Uncoupled analysis of stochastic reaction networks in fluctuating environments.

Zechner C, Koeppl H - PLoS Comput. Biol. (2014)

Propagation and suppression of environmental fluctuations.(a) Linear birth-death process in a fluctuation environment. The birth-rate is assumed to be linearly modulated by its environment  modeled as a CIR process (see Eq. 19). (b) Calculation of suppressed and effective noise. Individual components were computed analytically by solving an ordinary differential equation (see Eq. 22 in S1 Text) with , ,  and . For orientation, we also show the information gain between  and , computed using the marginal simulation algorithm (green); it can be understood as the gain in information about  through observing  and it exhibits a monotone relationship with the effective noise. (c) Relation between the effective noise and the speed of the environmental fluctuations. Noise contributions were computed by numerically solving Eq. 22 in S1 Text for , ,  and different values of . Note that the results are independent of the death rate . Also shown are realizations of  and  for the case for two different time-scales. If  is fast, the output  is able to suppress most of the variability in . In contrast, if  is slow, fluctuations are largely transferred to  (i.e., has a large effective noise) such that extrinsic noise in  is substantial.
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pcbi-1003942-g004: Propagation and suppression of environmental fluctuations.(a) Linear birth-death process in a fluctuation environment. The birth-rate is assumed to be linearly modulated by its environment modeled as a CIR process (see Eq. 19). (b) Calculation of suppressed and effective noise. Individual components were computed analytically by solving an ordinary differential equation (see Eq. 22 in S1 Text) with , , and . For orientation, we also show the information gain between and , computed using the marginal simulation algorithm (green); it can be understood as the gain in information about through observing and it exhibits a monotone relationship with the effective noise. (c) Relation between the effective noise and the speed of the environmental fluctuations. Noise contributions were computed by numerically solving Eq. 22 in S1 Text for , , and different values of . Note that the results are independent of the death rate . Also shown are realizations of and for the case for two different time-scales. If is fast, the output is able to suppress most of the variability in . In contrast, if is slow, fluctuations are largely transferred to (i.e., has a large effective noise) such that extrinsic noise in is substantial.
Mentions: The mean in Eq.18 is just the unconditional mean of , while the derivative of the expected variance shows an additional negative term, causing it to be smaller than the unconditional variance. Let us for instance consider the case where follows a Cox-Ingersoll-Ross process governed by the SDE (19)with , and as real process parameters and as a standard Wiener process. Note that in this case, Eq. 18 reduces to an autonomous ODE, which for large yields the relative effective noise at stationarity, i.e.,(20)where can be considered a normalized timescale of (see section S.4 in S1 Text). The computation of the effective noise and its dependency on the environmental timescale is illustrated in Fig. 4.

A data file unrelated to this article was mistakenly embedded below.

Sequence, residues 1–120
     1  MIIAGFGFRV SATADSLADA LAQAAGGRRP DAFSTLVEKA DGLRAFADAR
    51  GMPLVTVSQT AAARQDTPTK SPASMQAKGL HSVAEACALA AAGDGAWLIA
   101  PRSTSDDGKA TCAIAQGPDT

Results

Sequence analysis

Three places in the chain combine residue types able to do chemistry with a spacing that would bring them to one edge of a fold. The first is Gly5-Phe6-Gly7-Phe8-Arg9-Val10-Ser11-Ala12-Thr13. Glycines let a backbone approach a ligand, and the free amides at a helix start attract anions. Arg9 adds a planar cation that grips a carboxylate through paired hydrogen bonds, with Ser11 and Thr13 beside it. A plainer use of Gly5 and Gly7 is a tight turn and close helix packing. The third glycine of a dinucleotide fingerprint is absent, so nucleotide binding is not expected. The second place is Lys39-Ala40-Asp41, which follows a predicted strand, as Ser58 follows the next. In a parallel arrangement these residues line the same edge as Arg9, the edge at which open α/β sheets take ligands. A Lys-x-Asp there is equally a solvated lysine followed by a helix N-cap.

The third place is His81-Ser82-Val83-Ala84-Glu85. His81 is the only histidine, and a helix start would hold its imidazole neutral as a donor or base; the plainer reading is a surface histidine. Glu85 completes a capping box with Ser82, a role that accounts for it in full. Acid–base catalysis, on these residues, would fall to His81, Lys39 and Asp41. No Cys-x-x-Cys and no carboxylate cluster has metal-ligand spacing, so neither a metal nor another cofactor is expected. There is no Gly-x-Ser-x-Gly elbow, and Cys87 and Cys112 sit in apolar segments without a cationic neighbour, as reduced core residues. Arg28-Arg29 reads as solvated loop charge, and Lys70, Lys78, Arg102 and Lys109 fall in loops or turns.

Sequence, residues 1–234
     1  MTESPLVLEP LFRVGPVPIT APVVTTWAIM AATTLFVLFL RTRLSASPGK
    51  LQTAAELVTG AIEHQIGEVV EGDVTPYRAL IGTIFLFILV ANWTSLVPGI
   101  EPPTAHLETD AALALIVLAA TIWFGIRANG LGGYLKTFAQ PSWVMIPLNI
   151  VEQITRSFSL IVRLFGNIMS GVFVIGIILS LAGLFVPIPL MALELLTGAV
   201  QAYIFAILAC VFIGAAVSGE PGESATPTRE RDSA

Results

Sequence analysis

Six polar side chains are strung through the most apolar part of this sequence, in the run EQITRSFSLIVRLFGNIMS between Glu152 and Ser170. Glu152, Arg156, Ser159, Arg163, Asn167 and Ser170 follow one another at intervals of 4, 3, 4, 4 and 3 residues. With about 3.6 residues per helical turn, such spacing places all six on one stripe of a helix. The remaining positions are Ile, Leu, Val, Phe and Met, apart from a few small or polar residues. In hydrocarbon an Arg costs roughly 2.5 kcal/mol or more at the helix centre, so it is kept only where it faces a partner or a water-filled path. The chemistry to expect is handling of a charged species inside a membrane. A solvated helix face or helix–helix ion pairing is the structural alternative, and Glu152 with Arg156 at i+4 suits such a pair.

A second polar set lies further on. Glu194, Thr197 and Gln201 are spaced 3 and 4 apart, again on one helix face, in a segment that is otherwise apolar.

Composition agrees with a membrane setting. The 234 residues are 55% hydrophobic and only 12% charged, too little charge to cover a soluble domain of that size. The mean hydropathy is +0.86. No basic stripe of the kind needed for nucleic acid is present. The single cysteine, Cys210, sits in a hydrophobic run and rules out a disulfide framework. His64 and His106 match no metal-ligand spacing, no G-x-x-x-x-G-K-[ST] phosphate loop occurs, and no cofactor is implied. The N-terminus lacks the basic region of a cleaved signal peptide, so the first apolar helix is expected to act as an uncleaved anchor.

Bottom Line: While several recent studies demonstrate the importance of accounting for such extrinsic components, the resulting models are typically hard to analyze.In this work we develop a general mathematical framework that allows to uncouple the network from its dynamic environment by incorporating only the environment's effect onto the network into a new model.Using several case studies, we demonstrate the significance of the approach.

View Article: PubMed Central - PubMed

Affiliation: Department of Information Technology and Electrical Engineering, ETH Zurich, Zurich, Switzerland.

ABSTRACT
The dynamics of stochastic reaction networks within cells are inevitably modulated by factors considered extrinsic to the network such as, for instance, the fluctuations in ribosome copy numbers for a gene regulatory network. While several recent studies demonstrate the importance of accounting for such extrinsic components, the resulting models are typically hard to analyze. In this work we develop a general mathematical framework that allows to uncouple the network from its dynamic environment by incorporating only the environment's effect onto the network into a new model. More technically, we show how such fluctuating extrinsic components (e.g., chemical species) can be marginalized in order to obtain this decoupled model. We derive its corresponding process- and master equations and show how stochastic simulations can be performed. Using several case studies, we demonstrate the significance of the approach.

Show MeSH
Related in: MedlinePlus